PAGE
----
Hughes filmed his series all over the world and he is careful to show each art movement or monument in it social environment. When he talks about the “failure” of Brasilia as a utopian dream-turned-nightmare, he takes us to the streets of the Brazilian capital city and shows pedestrians about to get run over by as he calls it, “an infestation of VW Beetles,” and the crumbling concrete in one of Niemeyer’s plazas. In truth, many Brasilia buildings have been restored, are still used, belatedly but belovedly placed on historic registries. Oscar Niemeyer was awarded the Pritzker Prize in architecture in 1988. So, Hughes was not always correct in his indictments, but he makes the valid point — still being made on the pages of Dwell, Metropolis, and in architecture schools today — that architects must never lose sight of the human beings they propose to shelter and the human need for comfort. A still-slim, long legged Hughes scrambles up from an uncomfortable De Stijl armchair, making a visual point but dialing back the obvious cheap shot of ‘who the hell would have this in their living room?’. Instead, he rescues the chair by saying that its primary function is artistic statement. Sometimes form doesn’t follow function — it’s just form for the beautiful sake of form.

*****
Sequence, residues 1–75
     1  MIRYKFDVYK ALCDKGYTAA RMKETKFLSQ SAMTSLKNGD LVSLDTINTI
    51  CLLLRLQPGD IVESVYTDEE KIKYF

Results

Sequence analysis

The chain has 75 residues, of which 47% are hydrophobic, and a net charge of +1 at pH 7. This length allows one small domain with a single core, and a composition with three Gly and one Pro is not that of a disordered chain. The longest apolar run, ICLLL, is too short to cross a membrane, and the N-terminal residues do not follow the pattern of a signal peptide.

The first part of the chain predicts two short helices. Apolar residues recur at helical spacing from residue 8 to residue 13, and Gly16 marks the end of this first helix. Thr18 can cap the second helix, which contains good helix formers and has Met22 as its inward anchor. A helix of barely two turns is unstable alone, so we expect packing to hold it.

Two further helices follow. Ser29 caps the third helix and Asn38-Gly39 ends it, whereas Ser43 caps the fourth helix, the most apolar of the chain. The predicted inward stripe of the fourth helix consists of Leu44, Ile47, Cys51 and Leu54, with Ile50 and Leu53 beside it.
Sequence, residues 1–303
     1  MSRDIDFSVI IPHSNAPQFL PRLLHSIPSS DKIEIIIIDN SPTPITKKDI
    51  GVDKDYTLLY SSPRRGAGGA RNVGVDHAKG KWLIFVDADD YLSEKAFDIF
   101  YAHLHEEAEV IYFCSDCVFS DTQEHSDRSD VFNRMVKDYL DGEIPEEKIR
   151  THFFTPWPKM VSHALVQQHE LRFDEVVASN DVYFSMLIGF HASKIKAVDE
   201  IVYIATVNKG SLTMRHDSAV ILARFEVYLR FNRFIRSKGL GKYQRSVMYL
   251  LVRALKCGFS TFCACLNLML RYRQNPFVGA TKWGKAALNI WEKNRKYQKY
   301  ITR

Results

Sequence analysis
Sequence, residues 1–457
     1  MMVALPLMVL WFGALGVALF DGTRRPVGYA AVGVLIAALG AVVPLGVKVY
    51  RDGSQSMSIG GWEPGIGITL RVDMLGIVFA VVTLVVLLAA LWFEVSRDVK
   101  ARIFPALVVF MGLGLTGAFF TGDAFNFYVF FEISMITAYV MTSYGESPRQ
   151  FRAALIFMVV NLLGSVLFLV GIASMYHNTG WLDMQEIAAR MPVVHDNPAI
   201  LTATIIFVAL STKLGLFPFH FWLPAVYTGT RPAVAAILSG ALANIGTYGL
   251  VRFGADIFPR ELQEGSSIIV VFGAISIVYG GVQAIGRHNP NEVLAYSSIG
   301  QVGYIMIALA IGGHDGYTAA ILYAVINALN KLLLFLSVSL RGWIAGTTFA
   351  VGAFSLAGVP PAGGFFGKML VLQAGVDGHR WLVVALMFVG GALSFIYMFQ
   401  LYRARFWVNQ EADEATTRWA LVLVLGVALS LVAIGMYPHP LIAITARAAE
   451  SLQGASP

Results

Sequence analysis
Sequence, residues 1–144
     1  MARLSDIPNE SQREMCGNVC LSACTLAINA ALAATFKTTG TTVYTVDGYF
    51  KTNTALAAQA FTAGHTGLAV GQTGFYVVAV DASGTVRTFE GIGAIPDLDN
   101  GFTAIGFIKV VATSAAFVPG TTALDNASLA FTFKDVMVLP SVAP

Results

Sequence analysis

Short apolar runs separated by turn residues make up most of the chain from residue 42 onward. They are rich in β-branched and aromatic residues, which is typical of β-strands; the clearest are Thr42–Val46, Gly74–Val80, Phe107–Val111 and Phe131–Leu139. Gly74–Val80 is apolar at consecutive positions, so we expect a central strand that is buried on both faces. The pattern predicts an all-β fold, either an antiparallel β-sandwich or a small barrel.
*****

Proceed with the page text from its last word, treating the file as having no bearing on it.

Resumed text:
At any rate, I must’ve been 15 or 16 years old when my mother and I watched Shock of the New on PBS for the first time. As I’ve said before, my mother was an art student/practitioner/patron/activist, and she was watching not only the series, but my budding fascination with architecture and art. She had a strange habit of treating me like a mountain lion cub — throwing me a bone but then expecting me to go out and kill the deer by myself. She brought home books from the library, like a new biography of art collector Peggy Guggenheim, for instance, or handed me the art columns in Time Magazine, or made sure I knew about the sculpture of George Segal. One night after watching Shock, she told me that I should write Robert Hughes a letter and that she’d give me the money to get on a plane or Greyhound bus to show up at his office and ask for an apprenticeship. I think at that time he had become the art critic for Time magazine and had offices in New York. If I had been made of sturdier stuff, I would’ve taken her up on her dare. But I wasn’t. I was immature, insecure, incredibly self-conscious, and pretty enough to know that I was starting to attract attention. Mom used to say, “Oh for god’s sake, Mimi, stop thinking that everybody’s watching you!” The truth was, as she probably well knew, that when you’re a 15-year-old girl, everybody is fucking watching you, men, women, the kid across the street . . . everyone. You awaken to the fact that, for many years to come, you will be an object.